The Wind Complex scorched about 17,000 acres, with the Cascade Fire northeast of Marysville doing the greatest harm. Four people died in the fire.
More progress made in tiny Redwood Valley
There was some good news Sunday in Redwood Valley, the small Mendocino County where nine people were killed. The Sheriff’s Department said some more of the displaced residents would be allowed to return home at noon Sunday.
The areas being repopulated included Redwood Valley south of Tomki Road, the Pine Mountain subdivision in Willits, and portions of Potter Valley.
The department advised returning residents to wear protective clothing and anticipate delays because of traffic. Returning residents would have to go through “safety checks” at designated checkpoints, where they’d be issued “personal protective equipment.”
“Residents should be prepared to evacuate again should conditions change,” the department said in a Facebook post.
The Redwood Valley Fire, which has burned 35,000 acres, was 35 percent contained as of Sunday morning, according to Cal Fire.
Fires consume 217,566 acres statewide
The 15 major wildfires that erupted one week ago have consumed 217,566 acres across the state, Cal Fire reported Sunday.
The vast majority of the damage is in Northern California, particularly in wine country. The only major Southern California blaze, the Canyon 2 Fire in Anaheim, was 75 percent contained.
Cal Fire said 11,000 firefighters were working Sunday.
At least 40 people have died in the fires.
A 19th century winery sits idle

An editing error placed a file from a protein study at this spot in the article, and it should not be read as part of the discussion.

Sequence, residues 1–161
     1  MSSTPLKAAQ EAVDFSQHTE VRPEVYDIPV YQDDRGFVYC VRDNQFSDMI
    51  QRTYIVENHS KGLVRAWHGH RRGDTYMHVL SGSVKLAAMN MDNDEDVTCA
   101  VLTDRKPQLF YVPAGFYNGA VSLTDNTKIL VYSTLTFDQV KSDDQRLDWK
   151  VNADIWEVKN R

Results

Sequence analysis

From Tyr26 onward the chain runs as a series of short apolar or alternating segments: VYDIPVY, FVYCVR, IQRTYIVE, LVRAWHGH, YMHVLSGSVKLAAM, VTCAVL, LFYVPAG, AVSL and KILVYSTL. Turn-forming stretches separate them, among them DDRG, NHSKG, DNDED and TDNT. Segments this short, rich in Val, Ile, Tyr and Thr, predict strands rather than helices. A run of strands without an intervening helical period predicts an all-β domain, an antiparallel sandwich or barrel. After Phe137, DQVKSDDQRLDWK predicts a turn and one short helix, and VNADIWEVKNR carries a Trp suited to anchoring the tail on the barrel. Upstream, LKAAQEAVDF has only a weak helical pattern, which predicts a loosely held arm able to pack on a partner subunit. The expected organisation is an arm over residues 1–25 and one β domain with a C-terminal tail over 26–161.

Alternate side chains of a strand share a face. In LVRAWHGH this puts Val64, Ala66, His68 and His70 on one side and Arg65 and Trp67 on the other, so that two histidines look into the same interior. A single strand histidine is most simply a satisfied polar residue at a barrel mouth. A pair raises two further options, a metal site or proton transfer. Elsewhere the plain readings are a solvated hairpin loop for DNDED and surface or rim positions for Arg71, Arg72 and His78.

Buena Vista winery, among the oldest in California, should have been humming with visitors Sunday. Instead, the ancient Sonoma winery stood quiet as nearly two dozen firefighters worked in the vicinity, many covered in soot.
The Nuns Fire charred the adjacent hillside, with flames coming within 20 feet of the back of the winery’s two main stone and mortar buildings. Ash and soot covered the wine barrels, while a container of smashed purple grapes and had turned the water in the circular fountain out front a muddy gray.
How close did it come to burning?
“Doesn’t get much closer,” said Scott Fraser, a battalion chief for a strike team from the Tahoe area whose crew was assigned to guard the winery.
The winery was established in 1857 and bills itself as a “California’s first premium winery.” It’s now owned by the Boisset wine-making family of France. Jean-Charles Boisset tweeted “thanks to the heroic firefighters who protected American history!”
Thousands of evacuees return home in Green Valley
Roughly 25,000 residents displaced by the Northern California wildfires have been allowed to go home. But that still leaves about 75,000 residents evacuated, according to Cal Fire.
Cal Fire spokesman Daniel Berlant said Sunday that the biggest bloc of evacuees returning home were in the Green Valley area near Fairfield. Evacuation orders for that area were lifted Saturday night, he said.
In general, he said the winds have calmed considerably. Red Flag Warnings, which alert residents to the possibility of dramatic increases in wildfire activity, were lifted early Sunday in Northern California but remained in effect in Southern California.
“Fortunately, the winds that had been anticipated (for Saturday) were not as strong as predicted,” Berlant said. “We were able to make considerable progress.”
Although The Sacramento Bee reported late Saturday that the death toll from the fires had grown to 41, Berlant said Cal Fire officials could only confirm a total of 40 fatalaties.
Containment grows on multiple fires